He knew even before the key reached the lock that she was inside, some premonitory hum in the air, and though he was usually quick to dismiss such notions, her presence as a fact settled easily among the others and he felt no surprise. He probably knew as soon as he stepped off of the elevator, without knowing it, and she seeped beneath the door and filled the hallway, and his blood hummed with each step until he reached for the knob and knew somehow exactly what he would see when the hinges creaked and the slab of steel swung open and into the kitchen, the counter usually destitute but now covered in life, and there she had laid herself beyond all she brought with her, nestled on the couch that served as his bed and completely at peace in sleep.

Because he had known she would be there, he took vain precaution to keep the rusty hinges silent when he pushed his way inside, and stepped gingerly across the landing to slip out of his boots and shed the soaking skin of his coat. And because he had no idea she would be there, he hadn’t stocked the cabinets or gotten extra wood, or washed the sheets or towels or organized the papers that were normally strewn about the single room. And yet he returned that night to a studio so very much alive, with market bags near the sink, all knickknacks stacked neatly and a full fire in the woodstove keeping at bay any sign of winter. He came in from the cold and yet he emerged, into a home that was more hers than it could have ever been his own.

He felt no surprise because she was always anywhere that she chose, and he knew that she knew that brief respite could always be found in this square cavern of an apartment, and that she was always welcome, though welcome was never something with which she needed to be concerned, and the doors along her life’s avenues never turned her away. He wouldn’t question from where she had come, or for how long she would stay, or from where she had stolen such time and energy to turn the pallor of what was to him a simple shield against the elements into a cozy recess of herself. There would be no good answer, were he to ask. He had begun to suspect over time that each instance of her appearance carried with it no premeditation, that her worn soles did not bring her past the bodega on the corner where the whole neighborhood bought food and fuel, that she spent no precious minutes tidying the mess that was his work, and that the slender strength of her matchstick fingers never stacked a single cord. He never imagined her travel at all, and could tell that it was more like a will that she exerted upon her own physical form, her inhabiting one space or another, and that when she desired his company it all just was, her head upon clean pillows, the room exactly as she wished.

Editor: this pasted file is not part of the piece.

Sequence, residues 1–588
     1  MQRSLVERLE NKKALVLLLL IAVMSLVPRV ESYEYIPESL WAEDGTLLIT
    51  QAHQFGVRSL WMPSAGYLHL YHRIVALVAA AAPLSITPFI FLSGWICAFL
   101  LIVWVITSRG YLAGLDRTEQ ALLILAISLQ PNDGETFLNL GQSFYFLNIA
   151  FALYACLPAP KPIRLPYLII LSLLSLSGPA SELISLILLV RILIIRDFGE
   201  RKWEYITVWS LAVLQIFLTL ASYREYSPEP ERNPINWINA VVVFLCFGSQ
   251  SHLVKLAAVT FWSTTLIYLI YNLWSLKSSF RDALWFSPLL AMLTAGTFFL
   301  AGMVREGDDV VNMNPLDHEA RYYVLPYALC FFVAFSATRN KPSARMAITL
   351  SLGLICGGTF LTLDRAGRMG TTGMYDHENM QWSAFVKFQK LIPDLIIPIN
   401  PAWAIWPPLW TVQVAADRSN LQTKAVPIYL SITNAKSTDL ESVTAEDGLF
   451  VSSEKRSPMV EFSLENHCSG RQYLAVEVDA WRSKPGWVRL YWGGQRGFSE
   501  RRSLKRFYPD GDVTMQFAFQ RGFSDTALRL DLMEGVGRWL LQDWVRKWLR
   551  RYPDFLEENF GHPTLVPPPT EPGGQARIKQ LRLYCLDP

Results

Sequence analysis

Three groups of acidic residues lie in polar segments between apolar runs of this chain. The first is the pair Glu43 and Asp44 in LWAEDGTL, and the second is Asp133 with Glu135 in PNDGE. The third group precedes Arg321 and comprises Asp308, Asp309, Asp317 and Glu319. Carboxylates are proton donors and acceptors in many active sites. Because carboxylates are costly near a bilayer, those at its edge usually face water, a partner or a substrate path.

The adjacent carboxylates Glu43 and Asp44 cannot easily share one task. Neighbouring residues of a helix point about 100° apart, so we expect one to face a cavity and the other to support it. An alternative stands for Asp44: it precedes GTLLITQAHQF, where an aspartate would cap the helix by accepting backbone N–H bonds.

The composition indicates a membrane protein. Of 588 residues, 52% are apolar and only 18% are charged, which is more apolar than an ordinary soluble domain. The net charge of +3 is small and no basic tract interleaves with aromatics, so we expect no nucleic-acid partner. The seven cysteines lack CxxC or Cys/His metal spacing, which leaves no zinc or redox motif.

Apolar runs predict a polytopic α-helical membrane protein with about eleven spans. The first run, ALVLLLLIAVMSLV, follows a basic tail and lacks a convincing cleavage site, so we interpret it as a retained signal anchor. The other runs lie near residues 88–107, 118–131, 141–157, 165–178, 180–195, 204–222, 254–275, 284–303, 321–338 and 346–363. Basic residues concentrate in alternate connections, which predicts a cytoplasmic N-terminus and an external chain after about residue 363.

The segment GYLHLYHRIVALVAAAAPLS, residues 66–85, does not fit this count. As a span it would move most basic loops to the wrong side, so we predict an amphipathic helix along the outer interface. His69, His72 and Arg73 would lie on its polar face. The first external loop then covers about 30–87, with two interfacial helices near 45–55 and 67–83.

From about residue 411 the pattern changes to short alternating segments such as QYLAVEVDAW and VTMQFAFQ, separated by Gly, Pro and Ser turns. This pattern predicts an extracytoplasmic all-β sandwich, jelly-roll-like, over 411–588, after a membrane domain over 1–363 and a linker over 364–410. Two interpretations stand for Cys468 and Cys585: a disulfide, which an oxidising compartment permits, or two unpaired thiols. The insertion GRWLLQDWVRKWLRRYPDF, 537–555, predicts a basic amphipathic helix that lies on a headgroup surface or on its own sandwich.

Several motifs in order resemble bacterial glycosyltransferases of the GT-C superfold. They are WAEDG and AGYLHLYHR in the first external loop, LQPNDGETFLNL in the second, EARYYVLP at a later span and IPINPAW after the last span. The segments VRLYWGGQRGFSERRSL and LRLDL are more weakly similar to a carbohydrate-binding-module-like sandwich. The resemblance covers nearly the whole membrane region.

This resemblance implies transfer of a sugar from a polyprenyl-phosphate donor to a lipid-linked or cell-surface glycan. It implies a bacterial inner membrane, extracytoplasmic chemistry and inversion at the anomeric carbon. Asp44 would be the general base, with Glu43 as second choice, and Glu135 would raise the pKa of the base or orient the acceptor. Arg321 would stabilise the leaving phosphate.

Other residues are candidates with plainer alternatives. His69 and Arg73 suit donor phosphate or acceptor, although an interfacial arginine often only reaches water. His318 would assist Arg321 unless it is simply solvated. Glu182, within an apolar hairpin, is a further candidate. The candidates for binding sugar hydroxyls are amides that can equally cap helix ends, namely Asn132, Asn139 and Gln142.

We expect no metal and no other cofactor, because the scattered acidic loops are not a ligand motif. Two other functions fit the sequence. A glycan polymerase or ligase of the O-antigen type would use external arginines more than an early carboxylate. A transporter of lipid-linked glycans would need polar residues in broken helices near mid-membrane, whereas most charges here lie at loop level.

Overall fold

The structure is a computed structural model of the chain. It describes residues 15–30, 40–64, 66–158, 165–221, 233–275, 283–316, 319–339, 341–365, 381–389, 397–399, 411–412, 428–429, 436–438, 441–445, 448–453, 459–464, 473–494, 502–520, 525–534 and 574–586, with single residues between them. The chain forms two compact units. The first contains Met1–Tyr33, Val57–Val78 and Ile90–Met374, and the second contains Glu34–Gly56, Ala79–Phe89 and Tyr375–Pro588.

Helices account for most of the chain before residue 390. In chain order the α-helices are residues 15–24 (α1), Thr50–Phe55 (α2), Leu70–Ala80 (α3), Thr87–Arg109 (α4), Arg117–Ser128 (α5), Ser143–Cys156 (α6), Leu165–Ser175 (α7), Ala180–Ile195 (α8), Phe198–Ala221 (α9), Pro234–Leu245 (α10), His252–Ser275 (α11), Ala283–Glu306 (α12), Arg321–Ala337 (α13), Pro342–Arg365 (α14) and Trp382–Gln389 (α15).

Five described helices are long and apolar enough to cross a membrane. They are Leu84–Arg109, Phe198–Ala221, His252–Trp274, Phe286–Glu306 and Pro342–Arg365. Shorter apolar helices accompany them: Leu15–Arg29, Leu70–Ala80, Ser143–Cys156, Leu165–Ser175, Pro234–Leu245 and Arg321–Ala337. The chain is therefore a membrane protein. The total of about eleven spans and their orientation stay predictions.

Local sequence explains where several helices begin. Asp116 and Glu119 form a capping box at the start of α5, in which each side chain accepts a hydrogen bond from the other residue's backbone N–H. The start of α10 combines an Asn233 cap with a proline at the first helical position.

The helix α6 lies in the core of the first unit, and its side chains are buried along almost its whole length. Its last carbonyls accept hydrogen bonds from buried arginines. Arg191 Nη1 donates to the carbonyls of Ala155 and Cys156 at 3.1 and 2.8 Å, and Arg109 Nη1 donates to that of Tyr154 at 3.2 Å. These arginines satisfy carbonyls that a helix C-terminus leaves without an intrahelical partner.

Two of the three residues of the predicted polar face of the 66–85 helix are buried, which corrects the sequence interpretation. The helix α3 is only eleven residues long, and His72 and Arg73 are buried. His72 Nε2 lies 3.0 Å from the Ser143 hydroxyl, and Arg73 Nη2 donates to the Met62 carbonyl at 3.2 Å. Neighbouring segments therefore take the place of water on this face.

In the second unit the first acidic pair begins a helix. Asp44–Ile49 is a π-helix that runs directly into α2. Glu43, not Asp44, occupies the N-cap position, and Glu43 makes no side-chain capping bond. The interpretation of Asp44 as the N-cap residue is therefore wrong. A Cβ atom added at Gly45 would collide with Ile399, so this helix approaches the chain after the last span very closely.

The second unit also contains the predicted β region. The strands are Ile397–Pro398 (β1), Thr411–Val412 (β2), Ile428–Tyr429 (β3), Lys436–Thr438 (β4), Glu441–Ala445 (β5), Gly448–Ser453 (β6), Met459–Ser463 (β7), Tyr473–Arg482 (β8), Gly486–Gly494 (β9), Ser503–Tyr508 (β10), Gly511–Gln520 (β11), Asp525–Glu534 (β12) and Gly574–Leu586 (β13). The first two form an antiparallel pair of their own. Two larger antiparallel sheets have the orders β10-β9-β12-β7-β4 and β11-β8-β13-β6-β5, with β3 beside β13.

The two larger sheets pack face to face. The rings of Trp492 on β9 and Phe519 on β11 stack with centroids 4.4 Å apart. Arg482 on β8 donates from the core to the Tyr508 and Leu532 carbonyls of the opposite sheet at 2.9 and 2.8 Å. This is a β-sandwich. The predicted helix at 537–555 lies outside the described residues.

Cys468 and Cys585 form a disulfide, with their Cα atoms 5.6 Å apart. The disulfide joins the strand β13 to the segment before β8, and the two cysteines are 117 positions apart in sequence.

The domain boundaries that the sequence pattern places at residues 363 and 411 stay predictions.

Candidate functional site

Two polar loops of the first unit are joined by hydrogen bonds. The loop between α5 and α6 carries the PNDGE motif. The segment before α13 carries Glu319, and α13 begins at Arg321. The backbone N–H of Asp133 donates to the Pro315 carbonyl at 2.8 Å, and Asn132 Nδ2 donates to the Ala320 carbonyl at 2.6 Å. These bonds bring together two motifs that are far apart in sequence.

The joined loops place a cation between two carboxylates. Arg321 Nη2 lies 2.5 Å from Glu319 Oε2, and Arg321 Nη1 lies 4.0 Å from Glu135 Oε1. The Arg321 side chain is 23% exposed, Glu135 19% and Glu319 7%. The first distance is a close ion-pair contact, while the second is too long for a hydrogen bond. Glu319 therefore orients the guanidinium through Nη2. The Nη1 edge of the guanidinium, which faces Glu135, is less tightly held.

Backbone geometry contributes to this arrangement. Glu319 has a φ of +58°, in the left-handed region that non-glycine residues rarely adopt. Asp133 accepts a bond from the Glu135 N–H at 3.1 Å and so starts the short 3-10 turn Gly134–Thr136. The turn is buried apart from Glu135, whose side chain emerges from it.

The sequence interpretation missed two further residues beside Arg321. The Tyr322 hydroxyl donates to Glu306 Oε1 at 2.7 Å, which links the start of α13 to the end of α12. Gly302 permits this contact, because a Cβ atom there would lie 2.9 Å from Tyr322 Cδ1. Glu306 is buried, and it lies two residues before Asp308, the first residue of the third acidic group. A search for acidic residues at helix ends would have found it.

The scrawled list of things he needed to do that week still lay upon the counter where he had left it that morning, and he folded it neatly in half and tucked it quietly into his pocket, where it would stay for however long it needed to. It had nothing that important to say, nothing that couldn’t wait. She was home again, of her own volition, and he felt happy, and accepting, and if her various and random arrivals incited in him any displeasure it was only the passing wonder of how at home she could ever really be, anywhere. If she would ever truly feel rooted the way he never had, the way that some part of both of them ached for but could not seem to discover. Maybe not, but she felt comfortable here, and safe, and if that was all he could offer her then she would have it.





Andrew Tristan Lenec grew up at the foot of one of the East Coast’s most popular climbing destinations, and has still never touched any rock there. He enrolled at the New School University in Manhattan to study Creative Writing before leaving the city and moving to Hawaii, where he eventually received a degree in Music and was discovered by climbing. After spending time in Australia and the Pacific, Andrew moved to Boulder to pursue the sport and in a futile attempt to sate his wanderlust. He is currently an Instructor at ABC Kids Climbing and, when not working with children, can usually be found in one of the city’s many parks with his nose as far in a Kindle as one’s nose can be, because actual printed books are unfortunately too heavy and cumbersome to travel around with constantly.